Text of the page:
But I am also totally ready for a Summer trip. And yes, we will go to Puglia again. It is the first time we will go with our whole family: Hubbie and I and the kids with their partners. Oldest and his girlfriend will leave for a trip around the world in August. So this is going to be quality time with our family.

Puglia is popular these days. And also Casa Vita has had some creative and well-known Belgian visitors in the past months.

First we had the pleasure to welcome Joke Peeters with her team. She is the woman behind Olá Lindeza: a Belgian label and globally inspired home decor and women’s clothing brand. Everything is handmade in limited edition by artisans from around the world. Each piece is authentic, natural and unique in its own design and color with little imperfections unlike mass produced alternatives.

In the picture above you see me in an Olá Lindeza dress, it is called the Pompei. It is a natural and very light fabric, perfect for those hot summer days.

At the end of May the famous Belgian bloggers, Bart Deroeck and Eva Goris, visited Casa Vita, with two of their three children. Amazing what they did in only four days time! You can check out all the photos on their blogpost: Roeckies World.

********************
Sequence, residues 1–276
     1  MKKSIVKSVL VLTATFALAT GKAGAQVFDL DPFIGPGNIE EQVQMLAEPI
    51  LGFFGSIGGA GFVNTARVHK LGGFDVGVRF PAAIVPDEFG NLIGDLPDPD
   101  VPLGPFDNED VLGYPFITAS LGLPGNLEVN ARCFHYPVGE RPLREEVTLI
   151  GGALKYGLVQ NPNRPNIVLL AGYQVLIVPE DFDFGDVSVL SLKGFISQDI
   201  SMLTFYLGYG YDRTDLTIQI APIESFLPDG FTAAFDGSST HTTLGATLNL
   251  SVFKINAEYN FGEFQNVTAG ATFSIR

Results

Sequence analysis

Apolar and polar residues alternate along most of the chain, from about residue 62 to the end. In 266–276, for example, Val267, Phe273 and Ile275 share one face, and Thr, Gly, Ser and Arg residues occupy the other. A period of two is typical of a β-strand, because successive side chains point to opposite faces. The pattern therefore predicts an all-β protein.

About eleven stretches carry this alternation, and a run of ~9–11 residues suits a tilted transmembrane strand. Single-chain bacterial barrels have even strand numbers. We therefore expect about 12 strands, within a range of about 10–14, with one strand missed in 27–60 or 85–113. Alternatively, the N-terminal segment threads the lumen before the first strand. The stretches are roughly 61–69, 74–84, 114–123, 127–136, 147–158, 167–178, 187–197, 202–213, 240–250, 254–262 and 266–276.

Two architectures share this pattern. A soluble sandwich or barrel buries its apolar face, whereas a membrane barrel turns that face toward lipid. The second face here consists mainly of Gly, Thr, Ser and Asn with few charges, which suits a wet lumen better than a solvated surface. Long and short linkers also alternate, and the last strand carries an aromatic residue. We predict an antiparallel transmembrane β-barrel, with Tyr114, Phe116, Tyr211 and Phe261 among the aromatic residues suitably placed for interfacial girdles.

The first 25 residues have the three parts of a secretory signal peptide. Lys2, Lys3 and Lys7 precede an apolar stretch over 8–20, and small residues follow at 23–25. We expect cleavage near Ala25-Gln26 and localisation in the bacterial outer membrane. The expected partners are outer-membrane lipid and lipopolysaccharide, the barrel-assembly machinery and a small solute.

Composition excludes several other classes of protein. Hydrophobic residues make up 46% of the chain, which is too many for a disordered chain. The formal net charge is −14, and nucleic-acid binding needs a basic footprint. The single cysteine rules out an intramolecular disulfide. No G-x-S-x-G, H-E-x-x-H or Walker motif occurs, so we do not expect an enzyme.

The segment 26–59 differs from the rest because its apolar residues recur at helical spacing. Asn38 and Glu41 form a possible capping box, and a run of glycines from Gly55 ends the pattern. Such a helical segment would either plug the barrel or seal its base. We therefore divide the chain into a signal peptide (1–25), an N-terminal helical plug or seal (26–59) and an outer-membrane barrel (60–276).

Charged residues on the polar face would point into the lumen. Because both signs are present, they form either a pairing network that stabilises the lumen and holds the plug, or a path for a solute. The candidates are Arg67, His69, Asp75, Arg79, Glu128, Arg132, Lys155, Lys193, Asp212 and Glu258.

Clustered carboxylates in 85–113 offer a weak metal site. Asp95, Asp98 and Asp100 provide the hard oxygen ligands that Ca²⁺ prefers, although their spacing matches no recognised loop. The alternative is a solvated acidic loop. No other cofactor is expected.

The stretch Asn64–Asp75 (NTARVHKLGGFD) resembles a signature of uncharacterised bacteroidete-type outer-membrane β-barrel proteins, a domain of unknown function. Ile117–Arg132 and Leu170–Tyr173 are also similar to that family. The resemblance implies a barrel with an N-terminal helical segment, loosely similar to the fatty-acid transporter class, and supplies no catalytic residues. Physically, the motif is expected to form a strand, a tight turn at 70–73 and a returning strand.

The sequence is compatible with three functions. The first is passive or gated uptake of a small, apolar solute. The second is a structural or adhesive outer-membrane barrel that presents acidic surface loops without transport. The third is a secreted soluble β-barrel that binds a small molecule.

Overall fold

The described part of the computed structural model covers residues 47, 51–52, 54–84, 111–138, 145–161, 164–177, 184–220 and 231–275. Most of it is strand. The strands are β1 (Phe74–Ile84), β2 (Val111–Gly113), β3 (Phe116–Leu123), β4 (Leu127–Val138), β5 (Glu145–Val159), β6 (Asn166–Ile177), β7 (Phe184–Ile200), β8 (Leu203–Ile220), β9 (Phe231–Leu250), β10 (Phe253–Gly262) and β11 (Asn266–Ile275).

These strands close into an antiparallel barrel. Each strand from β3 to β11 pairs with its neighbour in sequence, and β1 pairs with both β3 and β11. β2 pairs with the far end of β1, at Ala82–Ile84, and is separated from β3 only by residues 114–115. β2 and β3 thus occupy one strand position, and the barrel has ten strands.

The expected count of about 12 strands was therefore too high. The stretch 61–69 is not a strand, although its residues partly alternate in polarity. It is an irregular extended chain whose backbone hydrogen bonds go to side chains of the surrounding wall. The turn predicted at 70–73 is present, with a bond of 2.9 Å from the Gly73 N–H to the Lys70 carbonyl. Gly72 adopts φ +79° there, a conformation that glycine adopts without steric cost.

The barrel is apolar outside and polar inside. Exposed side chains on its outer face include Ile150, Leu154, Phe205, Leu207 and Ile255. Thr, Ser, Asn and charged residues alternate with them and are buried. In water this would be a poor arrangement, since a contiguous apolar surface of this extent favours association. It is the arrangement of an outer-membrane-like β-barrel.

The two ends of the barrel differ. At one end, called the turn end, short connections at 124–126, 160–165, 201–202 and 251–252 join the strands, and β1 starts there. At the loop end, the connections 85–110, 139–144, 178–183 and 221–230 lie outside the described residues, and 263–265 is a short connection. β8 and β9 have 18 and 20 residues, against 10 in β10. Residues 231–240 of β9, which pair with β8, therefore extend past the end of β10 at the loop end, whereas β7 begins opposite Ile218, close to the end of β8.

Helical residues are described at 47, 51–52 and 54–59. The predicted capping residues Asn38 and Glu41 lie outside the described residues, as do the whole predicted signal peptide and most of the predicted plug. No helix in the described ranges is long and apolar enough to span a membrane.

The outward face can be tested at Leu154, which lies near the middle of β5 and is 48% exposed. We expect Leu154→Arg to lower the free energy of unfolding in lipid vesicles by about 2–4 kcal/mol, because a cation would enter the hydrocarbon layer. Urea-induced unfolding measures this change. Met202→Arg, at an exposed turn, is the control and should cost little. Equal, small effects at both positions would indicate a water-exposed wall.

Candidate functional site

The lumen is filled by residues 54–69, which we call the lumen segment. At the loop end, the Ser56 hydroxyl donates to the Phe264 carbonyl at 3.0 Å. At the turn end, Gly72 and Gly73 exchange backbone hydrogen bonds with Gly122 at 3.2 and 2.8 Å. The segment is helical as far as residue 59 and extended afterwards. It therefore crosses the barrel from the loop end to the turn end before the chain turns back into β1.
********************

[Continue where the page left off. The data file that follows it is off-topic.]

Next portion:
So in a week we are leaving for Puglia, and I will write my next post from there.

Stay tuned, ciao!

Sophie

 

 

Stories

Borders

Friday 

These weeks have been hectic. Not in an unpleasant way, but still, I had too little time to get everything done, to stand still, to write… And now I try to make time. If we only could – build more time – in our days, in our life? How much would you build? The bricks could be days, the windows would stand for rest, a stop in time. Would you build a big house, an open house with huge windows or a tower of mostly bricks?

Last week was my birthday, and I felt spoiled by so much attention, so many sweet words and original gifts. Hubbie surprised me with a positive vibes dinner. Daughter gave me a book : The Sun and Her Flowers by Rupi Kaur (She is an Indian-born Canadian poet, writer, illustrator, and performer, who immigrated to Canada as a child).

Let me share a poem – We are not enemies:

Borders
are man-made
they only divide us physically
don’t let them make us
turn on each other

In my volunteer work at the refugee center, I am facing borders the whole time. This morning, when I was teaching Dutch, I felt so limited in what I could do. The three students I had from Ghana, Rwanda and Tanzania all spoke English and were learning easily. Then a student from Palestine joined us.  He only spoke Arabic, and I felt frustrated not being able to communicate. The woman from Tanzania told me she was here with her son of four years old: “You know, it can get very lonely, being here without your family.” Oh yes, I can only imagine. She said it with a smile and promised me she would study well the coming week so she would improve fast.